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how to choose your scuba tank?

A scuba tank is a pressurized cylinder used by divers to breathe while they are under water. It usually contains oxygen, air, or a specially made gas known as nitrox. Diving tanks vary in terms of length, capacity, material and finish. It is very important to choose a tank that can efficiently meet all your diving needs. These are some of the most vital factors to consider when selecting a scuba tank.

Scuba tanks are made of either aluminum or steel. Steel has more strength and ductility than aluminium. Therefore, for the same gas capacity, a steel tank will weigh less than an aluminium tank and offer better buoyancy. For instance, an 80 cubic-foot scuba tank made of aluminum weighs about 35 lbs but a steel tank of the same capacity weighs 30 lbs. So if you want a lightweight tank, you should opt for steel instead of aluminium.

Service life is another characteristic that needs to be considered when selecting tank material. Steel offers longer service life than aluminium. Its useful life is said to be about 40 years. The service life of an aluminium tank is usually about 10 years shorter. That is why some dive shops will not fill up an aluminium tank that is over 25 years old. However, aluminium tanks are cheaper than their steel counterparts. So if you are on a budget, and you only need a tank for sport and recreational diving, you could make do with an aluminium tank.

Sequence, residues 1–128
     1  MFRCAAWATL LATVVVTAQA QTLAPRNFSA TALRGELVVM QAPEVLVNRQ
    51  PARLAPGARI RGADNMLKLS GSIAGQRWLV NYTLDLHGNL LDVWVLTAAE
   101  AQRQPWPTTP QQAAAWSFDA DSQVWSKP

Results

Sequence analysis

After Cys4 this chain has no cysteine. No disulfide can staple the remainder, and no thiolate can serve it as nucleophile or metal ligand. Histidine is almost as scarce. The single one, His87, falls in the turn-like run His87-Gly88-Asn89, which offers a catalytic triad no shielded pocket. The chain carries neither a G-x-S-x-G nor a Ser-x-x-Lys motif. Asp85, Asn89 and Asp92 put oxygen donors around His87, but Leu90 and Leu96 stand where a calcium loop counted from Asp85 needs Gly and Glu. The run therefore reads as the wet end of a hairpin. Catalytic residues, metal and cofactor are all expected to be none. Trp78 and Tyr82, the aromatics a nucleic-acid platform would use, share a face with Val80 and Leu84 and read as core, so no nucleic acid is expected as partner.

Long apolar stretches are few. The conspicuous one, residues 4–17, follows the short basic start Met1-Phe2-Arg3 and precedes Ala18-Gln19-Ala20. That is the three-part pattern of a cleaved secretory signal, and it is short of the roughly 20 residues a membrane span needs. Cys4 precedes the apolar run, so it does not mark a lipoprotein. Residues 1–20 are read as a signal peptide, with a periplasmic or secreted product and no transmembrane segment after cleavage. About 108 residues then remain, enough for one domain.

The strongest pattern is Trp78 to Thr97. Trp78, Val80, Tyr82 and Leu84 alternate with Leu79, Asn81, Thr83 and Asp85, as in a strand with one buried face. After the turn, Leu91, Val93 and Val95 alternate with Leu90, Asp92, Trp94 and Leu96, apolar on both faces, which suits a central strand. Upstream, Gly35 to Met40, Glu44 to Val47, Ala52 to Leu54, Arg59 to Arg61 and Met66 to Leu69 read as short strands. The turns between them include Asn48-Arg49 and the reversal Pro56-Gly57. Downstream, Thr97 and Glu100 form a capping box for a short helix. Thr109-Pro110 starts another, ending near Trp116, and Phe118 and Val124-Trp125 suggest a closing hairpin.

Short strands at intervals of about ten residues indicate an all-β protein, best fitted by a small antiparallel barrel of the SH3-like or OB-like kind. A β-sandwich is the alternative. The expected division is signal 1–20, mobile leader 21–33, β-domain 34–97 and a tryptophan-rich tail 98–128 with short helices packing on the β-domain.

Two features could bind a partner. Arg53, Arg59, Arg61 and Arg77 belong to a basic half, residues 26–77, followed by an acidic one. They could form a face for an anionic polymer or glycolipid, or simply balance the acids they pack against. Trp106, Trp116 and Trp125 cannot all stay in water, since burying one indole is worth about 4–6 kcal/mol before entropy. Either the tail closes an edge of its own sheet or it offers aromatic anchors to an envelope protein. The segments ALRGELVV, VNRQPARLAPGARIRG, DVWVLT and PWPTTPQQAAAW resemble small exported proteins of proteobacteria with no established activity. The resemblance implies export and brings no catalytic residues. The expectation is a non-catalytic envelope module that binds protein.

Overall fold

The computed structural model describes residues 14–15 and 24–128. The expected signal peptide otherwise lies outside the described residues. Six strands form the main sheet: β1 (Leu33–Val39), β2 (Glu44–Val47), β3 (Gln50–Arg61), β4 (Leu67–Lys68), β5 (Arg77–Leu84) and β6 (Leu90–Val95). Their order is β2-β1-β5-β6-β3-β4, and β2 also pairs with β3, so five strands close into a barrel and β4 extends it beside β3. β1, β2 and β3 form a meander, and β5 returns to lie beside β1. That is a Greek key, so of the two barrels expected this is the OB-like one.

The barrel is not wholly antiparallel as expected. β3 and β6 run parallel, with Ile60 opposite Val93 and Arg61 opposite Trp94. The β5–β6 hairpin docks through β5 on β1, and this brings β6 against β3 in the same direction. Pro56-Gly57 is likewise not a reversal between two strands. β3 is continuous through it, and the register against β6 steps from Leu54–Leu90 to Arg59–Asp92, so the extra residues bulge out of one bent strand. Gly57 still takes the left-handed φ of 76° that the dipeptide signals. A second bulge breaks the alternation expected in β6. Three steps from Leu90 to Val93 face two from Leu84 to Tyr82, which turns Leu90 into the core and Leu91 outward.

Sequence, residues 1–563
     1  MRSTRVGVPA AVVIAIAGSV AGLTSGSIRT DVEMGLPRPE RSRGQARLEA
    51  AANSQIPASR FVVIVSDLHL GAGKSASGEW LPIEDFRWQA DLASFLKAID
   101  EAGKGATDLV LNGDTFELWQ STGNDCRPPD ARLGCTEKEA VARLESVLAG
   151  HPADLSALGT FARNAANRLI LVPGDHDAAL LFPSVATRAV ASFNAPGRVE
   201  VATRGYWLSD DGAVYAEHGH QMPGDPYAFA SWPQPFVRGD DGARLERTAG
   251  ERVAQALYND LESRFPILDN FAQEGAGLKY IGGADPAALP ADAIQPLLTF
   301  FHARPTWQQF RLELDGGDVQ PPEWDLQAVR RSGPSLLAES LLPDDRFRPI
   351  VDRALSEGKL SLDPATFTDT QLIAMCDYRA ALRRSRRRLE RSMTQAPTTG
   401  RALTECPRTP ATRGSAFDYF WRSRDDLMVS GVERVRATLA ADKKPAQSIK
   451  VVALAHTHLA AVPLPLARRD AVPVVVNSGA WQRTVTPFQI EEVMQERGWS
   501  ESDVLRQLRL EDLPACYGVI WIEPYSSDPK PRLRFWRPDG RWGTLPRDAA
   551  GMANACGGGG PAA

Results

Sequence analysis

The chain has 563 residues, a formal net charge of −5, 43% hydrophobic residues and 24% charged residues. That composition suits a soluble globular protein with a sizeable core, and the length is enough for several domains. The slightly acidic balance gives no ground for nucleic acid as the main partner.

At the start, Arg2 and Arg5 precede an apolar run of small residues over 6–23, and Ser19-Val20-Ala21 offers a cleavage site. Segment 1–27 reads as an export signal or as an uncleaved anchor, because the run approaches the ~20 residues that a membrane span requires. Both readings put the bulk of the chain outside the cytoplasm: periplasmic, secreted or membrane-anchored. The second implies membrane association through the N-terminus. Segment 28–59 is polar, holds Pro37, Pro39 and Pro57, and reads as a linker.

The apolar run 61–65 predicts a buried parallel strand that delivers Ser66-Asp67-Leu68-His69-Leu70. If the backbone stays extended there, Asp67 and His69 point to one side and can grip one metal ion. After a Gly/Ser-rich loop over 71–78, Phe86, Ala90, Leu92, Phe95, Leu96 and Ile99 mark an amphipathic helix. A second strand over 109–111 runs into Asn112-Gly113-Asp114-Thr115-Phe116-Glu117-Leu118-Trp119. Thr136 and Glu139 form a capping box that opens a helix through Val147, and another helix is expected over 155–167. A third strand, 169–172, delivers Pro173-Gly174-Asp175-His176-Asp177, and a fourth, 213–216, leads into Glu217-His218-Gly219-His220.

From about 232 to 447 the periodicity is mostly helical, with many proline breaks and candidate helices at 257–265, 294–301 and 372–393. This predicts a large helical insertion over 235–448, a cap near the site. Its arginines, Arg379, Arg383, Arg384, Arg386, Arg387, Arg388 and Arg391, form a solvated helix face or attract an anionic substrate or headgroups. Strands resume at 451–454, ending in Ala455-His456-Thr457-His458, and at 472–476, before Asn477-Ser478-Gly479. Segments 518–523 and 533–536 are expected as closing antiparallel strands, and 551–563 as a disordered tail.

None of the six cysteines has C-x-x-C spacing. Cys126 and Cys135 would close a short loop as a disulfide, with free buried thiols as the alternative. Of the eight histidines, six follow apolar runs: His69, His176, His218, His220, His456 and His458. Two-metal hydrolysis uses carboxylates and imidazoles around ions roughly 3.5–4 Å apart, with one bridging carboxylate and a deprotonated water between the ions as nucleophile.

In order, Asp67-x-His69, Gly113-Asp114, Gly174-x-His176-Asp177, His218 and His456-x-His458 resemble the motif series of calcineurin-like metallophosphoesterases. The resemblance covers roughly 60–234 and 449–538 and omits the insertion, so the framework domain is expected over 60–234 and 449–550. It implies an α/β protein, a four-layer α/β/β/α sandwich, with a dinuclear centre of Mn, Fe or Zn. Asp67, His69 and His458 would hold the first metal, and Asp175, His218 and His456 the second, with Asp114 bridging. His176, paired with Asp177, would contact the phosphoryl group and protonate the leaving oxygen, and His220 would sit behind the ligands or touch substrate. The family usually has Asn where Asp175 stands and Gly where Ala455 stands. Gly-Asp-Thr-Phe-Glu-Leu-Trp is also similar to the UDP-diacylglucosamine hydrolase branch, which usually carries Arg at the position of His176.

Volume and Pressure
The volume of a scuba tank is measured in cubic-feet. For sport diving, you may choose the frequently used Aluminum 80 tank (AL80) which holds 77 cubic-feet of air at a pressure of 3000 psi. But you must note that the buoyancy of the tank increases as it gets empty so may need additional weight at the beginning of the dive. If you don't need as much air in your tank, you may opt for the Aluminum 63 (AL63). This tank is lighter, smaller and it has better buoyancy characteristics. But if you usually run out of gas before you finish your dive, you should choose a larger tank such as the high pressure steel (HP100). It will provide a pressure of about 3442 psi.

Tank Dimensions
The popular AL80 has a length of 26 inches. This length is usually long and a bit uncomfortable for many people. That is why the HP100 steel tank which has a length of 25 inches is prefered by some sports divers. Those who have a very small stature should consider using the HP80 or AL63. These tanks both have a length of 21 inches. Only those who are above six feet in height will enjoy diving with the HP120 or the HP133 whose height is over 28 inches.

Paint and Finish
The paint or finish of the tank you buy is important because it directly affects its ability to resist corrosion in salty sea water. Aluminum tanks are sold with various kinds of finish including brush finish, coated and shot blast. The brush finish aluminum provides better protection against corrosion than the painted tanks. Steel tanks are galvanized with zinc to resist rust. However, the best way to prolong the life any scuba tank is through proper care. Ensure that your tank is rinsed in fresh water and that the boots are removed after use.

When you are buying a tank for long term use, you would be better off with a steel tank because of its buoyancy characteristics and longer service life. Also, a high pressure tank that can be under-filled to meet your needs may offer better service than a smaller tank.


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